The recent redesign of information architecture site Boxes & Arrows puts heavy emphasis on reputation ratings. Online ratings are applied to all registered users on the site (authors and commenters) as well as site articles. I've almost always agreed with the article ratings on Boxes & Arrows, so it seems like a useful feature to me.
Ratings of people, however, is less straightforward. The rating system is heavily weighted towards content contributors, in effect making them "superusers" with scores or hundreds of reputation points. Whenever they post their opinions in comments, their status is obvious. Although rating points are meant to be a broad range, the system as implemented creates a clear binary divide among members.
Taking the ratings trend a step further is a new site, UX Zeitgeist. They attempt to rank books, user experience topics, and even people. Its publishers "believe our ranking system is wildly, brilliantly innovative and one of the most useful features of UX Zeitgeist." Perhaps it is, but they beg the question why is it useful to rank people at all.
UX rating sites bring to my mind the concept of A-list bloggers. Popularity equals wisdom and power in the blogosphere. But the problem is, you can't accurately judge the value of information in a single swift rating. An article useless for one person with one kind of goal, is priceless to the next person with different goals. A-list ratings create a winner-take-all information ecology that can obscure a long tail of personally relevant content. Instead, user experience experts ought to professionalize and promote the field with a system that less resembles the United States homeland security threat indicator.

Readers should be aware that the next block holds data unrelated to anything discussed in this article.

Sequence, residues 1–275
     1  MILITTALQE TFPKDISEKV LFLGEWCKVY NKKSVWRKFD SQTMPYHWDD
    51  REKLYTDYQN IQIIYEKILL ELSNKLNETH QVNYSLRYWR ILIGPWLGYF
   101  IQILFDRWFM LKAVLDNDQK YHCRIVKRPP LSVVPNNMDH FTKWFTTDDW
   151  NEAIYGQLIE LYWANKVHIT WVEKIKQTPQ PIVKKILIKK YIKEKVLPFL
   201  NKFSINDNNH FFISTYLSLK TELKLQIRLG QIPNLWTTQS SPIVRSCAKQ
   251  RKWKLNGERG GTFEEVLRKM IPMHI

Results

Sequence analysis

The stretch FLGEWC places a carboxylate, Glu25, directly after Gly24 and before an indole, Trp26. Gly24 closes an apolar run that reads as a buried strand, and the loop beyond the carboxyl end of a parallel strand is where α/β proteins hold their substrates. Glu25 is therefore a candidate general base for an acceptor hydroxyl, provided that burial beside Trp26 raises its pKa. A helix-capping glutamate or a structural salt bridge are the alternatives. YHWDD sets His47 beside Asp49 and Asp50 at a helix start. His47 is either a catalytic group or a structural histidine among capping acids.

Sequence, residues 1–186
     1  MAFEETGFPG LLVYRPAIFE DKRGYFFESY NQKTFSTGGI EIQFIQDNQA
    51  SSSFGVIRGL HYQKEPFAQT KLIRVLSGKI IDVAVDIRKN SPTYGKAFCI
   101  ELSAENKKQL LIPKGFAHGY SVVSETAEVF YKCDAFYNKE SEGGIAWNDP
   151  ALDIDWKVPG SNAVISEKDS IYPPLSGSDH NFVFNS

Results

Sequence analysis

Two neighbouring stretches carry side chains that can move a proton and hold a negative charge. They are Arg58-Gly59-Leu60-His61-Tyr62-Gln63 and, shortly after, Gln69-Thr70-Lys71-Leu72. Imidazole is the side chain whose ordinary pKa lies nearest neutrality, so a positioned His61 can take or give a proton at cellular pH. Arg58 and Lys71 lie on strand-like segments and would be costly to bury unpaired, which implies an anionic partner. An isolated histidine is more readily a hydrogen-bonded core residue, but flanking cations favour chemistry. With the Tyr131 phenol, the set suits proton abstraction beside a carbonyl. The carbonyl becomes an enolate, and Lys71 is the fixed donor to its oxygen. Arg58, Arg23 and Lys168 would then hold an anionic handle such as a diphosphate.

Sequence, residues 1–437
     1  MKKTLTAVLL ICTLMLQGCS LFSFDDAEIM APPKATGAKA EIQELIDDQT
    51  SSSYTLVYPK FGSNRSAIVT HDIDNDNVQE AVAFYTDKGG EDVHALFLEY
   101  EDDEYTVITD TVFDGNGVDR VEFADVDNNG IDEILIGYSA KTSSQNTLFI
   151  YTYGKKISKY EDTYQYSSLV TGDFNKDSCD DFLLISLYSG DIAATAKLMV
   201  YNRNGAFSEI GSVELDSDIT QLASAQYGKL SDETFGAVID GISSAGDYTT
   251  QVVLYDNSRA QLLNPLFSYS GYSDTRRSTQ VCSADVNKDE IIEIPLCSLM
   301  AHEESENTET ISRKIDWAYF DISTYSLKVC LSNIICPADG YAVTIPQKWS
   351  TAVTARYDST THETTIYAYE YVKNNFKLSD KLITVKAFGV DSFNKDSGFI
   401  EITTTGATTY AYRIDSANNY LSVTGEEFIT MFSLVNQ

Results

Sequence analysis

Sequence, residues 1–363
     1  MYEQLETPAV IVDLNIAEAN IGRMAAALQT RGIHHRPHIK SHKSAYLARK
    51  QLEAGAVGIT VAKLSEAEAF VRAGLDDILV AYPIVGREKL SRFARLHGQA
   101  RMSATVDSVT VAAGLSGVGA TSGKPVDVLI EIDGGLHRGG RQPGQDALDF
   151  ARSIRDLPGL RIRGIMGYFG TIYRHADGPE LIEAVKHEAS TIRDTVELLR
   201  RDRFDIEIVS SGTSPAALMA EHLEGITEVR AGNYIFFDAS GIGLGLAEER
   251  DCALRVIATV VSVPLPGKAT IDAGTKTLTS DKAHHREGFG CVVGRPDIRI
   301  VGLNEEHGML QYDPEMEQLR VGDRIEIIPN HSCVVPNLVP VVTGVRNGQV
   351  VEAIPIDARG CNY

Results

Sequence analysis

Scratch the surface of UX Zeitgeist, and there's one immediate hole in the person rankings. Where's Jakob Nielsen? Perhaps he didn't reveal his favorite books -- participation that appears to be required for listing. If so, I think opting out of this attempted Who's Who of UX is laudable.